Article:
• In-Car Technologies and Infotainment Systems: Built-in infotainment systems, GPS devices, radios, and other in-car technologies can be distracting if not used in a responsible manner. Adjusting settings, inputting destinations, or selecting music can cause drivers to divert their attention away from the road for extended periods.

It's important for drivers to be aware of these distractions and take proactive steps to minimize them. This includes practicing responsible phone use by utilizing hands-free options or pulling over in a safe location to attend to calls or texts. Additionally, drivers should prioritize restful sleep, manage passenger interactions, and set up in-car technologies before driving to minimize distractions and maintain focus on the task of driving.

💡How to avoid being distracted by a passenger

Staying focused on the road is crucial for safe driving, and minimizing distractions is an important part of that. If you have a passenger in the car and want to avoid being distracted, consider the following tips:

  • Set Expectations: Before starting the journey, communicate with your passenger about the importance of focus while driving. Ask for their cooperation in keeping distractions to a minimum.

  • Establish Ground Rules: Set ground rules for behavior in the car. Ask your passenger to avoid engaging in activities that may divert your attention, such as loud conversations, sudden movements, or showing you things that require your visual attention.

  • Prevent Backseat Driving: Make it clear that you are the driver, and backseat driving can be distracting. If your passenger has suggestions or concerns about your driving, address them calmly but encourage them to let you focus on the road.

  • Limit Conversations During Complex Tasks: During complex maneuvers or challenging driving conditions, limit conversations that may require your full attention. Let your passenger know when you need to concentrate, such as during merging onto a highway or navigating through heavy traffic.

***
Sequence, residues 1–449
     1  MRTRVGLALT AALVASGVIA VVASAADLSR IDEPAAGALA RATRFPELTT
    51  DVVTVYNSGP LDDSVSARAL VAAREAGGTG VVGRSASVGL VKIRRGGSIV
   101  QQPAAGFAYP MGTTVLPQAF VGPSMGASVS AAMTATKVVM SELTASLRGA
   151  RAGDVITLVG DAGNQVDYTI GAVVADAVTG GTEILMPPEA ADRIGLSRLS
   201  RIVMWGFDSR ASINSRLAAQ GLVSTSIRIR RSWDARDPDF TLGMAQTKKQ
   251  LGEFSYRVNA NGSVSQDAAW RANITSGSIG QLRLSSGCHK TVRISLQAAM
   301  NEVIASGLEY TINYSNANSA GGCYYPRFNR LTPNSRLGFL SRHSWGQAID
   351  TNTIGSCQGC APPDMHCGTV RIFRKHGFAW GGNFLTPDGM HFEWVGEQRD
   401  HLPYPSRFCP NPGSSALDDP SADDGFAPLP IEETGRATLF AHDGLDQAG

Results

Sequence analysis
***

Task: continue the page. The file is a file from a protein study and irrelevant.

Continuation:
• Avoid Emotional Discussions: Emotional or heated discussions can be distracting. If a conversation becomes emotionally charged, consider postponing it until you are parked or have reached your destination.

  • Delegate Non-Essential Tasks: Ask your passenger to handle non-essential tasks, such as adjusting the air conditioning, changing the radio station, or handling navigation. This allows you to focus on driving.

  • Plan Ahead: Plan your route, set up navigation systems, and adjust vehicle settings before starting your journey. This reduces the need for on-the-go adjustments that can be distracting.

  • Use Hands-Free Technology: If you need to make or receive calls, use hands-free technology. Voice-activated commands or a Bluetooth headset can help you keep your hands on the wheel and your eyes on the road.

  • Pull Over for Extended Conversations: If a conversation with your passenger becomes lengthy or requires your full attention, consider pulling over to a safe location to continue the discussion.

  • Encourage Quiet Activities: Suggest quiet and non-distracting activities for your passenger, such as reading, listening to music with headphones, or enjoying the scenery.